Art Director + Blogger / Lion In The Wild
Kiara King is a content creator, blogger and fashion stalwart at her popular online destination Lion in the Wild.
An infectious digital personality (Kiara has over 60,000 Instagram followers) with the most glorious auburn mane, Kiara spent her childhood growing up in the sunny town of Perth. A self confessed “tom boy”, Kiara lived in cop tops and cargo shorts, which provide a complete juxtaposition to the style maven that you see before you today. But that’s why we LOVE this girl. FEARLESS.
After losing her way a little after university, Kiara took a chance to follow her passion, and the rest… they say… is history. Kiara has now been recognised by, and collaborated with global brands including Clinique, The Luxe Nomad, Steve Madden, Free People and Lifestyle Retreats, just to name a few.
This interview is for any girl that has burning desire to write a blog, and build it into a digital empire.
WARNING: The Cool Career advises you to hide your eftpos card while reading this #careerstory. Outfit envy is a given.
Kiara, you have no idea how excited I am for this interview, can you start by telling us where you grew up and how your experience shaped the person you are, and the career that you are in today?
I was born and raised in sunny Perth, Australia. I spent my days embracing my inner tomboy, skateboarding the suburban streets in a crop top and zip-off cargo pants, splashing around at the beach in a fluro onesie (thanks Mum), and creating my very own fashion magazine – all by hand, of course. I was way cooler back then.
Now days, I live by the coast and run my own personal style and beauty platform, and even occasionally go for a skate. I like to think that everything I do now is an culmination of the ‘fun stuff’ I used to do as a kid. Growing up, my parent’s nurtured our passions, so looking back it really comes as no surprise that I ended up evolving mine into my career.
Where did you go to High School and how was that experience for you?
Honestly, my High School experience was fairly ‘normal’. I went to a school in the ‘burbs’ and learnt how to tie a tie very quickly (a skill I haven’t used since, mind you). Ties and blazers aside, I had a great group of friends and did pretty well in class despite not really ever trying. I rarely excelled though. I realise now that I didn’t put a whole lot of effort into things unless I was invested in them. I just went with the flow. I was still discovering who I was and who I wanted to be, like most teenagers.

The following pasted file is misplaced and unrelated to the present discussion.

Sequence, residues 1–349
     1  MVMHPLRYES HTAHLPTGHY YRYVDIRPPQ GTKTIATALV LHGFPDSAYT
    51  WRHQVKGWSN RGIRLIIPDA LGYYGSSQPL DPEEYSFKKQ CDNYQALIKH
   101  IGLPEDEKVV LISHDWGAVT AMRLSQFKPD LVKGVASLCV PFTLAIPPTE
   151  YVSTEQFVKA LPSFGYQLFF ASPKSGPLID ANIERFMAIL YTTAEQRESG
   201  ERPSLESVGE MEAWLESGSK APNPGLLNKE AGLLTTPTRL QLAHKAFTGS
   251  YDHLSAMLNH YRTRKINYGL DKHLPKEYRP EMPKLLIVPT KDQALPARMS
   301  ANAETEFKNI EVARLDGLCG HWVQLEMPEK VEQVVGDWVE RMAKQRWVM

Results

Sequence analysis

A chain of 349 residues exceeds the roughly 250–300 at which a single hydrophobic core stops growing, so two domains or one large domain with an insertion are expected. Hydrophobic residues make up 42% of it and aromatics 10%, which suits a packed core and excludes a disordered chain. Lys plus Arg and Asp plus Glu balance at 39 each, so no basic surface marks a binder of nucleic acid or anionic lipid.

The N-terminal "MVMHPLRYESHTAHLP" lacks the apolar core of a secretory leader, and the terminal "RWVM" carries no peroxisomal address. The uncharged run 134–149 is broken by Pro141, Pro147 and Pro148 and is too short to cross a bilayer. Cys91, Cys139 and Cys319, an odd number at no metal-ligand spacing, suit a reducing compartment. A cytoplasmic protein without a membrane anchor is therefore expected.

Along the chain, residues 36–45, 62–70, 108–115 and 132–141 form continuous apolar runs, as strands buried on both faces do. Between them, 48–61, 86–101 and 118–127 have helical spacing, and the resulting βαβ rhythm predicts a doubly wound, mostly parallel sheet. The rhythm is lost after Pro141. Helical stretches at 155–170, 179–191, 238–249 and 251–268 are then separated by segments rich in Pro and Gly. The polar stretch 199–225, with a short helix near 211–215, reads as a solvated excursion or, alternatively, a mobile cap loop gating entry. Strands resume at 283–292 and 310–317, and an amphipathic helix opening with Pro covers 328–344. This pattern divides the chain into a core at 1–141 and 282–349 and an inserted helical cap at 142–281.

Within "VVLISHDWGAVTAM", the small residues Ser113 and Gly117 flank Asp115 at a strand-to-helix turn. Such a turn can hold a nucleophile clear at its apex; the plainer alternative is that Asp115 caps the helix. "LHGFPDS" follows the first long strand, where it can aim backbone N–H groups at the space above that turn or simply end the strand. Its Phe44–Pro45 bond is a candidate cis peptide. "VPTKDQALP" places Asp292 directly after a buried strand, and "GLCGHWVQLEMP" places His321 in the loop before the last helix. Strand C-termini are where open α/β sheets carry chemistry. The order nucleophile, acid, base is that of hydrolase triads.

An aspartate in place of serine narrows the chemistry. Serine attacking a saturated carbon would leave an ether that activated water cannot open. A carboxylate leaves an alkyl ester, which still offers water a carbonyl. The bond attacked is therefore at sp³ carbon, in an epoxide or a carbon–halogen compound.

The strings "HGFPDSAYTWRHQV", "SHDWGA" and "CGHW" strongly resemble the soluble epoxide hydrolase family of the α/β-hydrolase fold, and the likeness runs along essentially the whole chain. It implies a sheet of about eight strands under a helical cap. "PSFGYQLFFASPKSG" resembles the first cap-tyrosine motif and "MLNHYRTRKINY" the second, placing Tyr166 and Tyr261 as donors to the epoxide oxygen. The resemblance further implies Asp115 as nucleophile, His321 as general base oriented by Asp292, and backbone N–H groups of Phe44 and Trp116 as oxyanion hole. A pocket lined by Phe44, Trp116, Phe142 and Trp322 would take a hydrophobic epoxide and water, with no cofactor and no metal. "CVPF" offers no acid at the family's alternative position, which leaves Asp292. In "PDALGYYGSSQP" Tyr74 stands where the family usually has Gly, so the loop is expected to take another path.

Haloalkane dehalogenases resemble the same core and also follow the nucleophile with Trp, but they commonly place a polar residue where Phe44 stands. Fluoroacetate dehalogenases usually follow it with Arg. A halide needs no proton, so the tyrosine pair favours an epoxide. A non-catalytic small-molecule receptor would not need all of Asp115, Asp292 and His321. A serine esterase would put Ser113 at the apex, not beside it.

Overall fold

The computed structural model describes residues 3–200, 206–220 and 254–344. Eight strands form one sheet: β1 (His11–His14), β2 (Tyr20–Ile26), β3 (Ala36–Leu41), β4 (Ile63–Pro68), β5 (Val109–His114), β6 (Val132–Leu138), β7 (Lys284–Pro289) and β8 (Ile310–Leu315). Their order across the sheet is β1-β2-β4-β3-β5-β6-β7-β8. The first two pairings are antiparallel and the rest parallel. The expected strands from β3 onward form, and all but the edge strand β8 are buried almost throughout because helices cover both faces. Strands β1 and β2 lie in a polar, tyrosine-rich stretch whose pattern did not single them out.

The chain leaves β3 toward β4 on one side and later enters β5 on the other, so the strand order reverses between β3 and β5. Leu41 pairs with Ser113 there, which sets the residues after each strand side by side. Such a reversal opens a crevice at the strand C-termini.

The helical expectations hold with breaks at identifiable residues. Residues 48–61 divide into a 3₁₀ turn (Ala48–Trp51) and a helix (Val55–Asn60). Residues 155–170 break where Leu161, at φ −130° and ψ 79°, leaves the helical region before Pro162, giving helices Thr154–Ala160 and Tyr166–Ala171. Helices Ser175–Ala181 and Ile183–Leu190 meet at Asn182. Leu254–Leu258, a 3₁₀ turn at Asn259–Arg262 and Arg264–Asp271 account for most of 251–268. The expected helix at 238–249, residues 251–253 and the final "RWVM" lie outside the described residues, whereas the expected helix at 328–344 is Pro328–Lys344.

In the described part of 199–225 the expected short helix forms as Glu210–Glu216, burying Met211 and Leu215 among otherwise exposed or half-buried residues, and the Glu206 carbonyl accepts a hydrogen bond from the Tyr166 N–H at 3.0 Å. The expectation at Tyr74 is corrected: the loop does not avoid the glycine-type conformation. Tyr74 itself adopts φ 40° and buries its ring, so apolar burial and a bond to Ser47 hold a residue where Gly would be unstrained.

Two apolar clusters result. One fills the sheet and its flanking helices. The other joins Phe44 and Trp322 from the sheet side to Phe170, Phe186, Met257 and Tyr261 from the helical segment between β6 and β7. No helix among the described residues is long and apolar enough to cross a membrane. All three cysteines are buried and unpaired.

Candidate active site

Did your high school play an important role in helping you choose your further education and future career?
I would say little to none. I always knew what I wanted to do. I wanted to be a fashion designer for most of my young adult life, until I took sewing lessons and hated it. Then I discovered Creative Advertising Design whilst flipping through a university handbook one day and that was that.
Did you go to College, University, Tafe or another equivalent? Take us through the courses that you studied and why you chose them?
Fresh from High School and just 17-years-old, I went straight to University, where I studied a BA in Design, majoring in Advertising. I liked that it was creative, yet strategic and I wanted to be a real life Peggy Olsen (Madmen). Just kidding… kind of. We studied anything from graphic design and photography, to marketing and consumer behaviour, and I really enjoyed every moment. While I strayed off course post-University, it was there that I learnt a skill set that is indispensable in today’s creative world.
Tell us about your career journey so far. Who you have worked for, and explain any highlights.
After University (and for years later) came a period of, simply put, not knowing what I really wanted to do for the first time in my life. I did really well at Uni, yet decided to defer my Honours to work full-time at Forever New in Visual Merchandising and Management. It was then that I started my little blog, Lion in the Wild.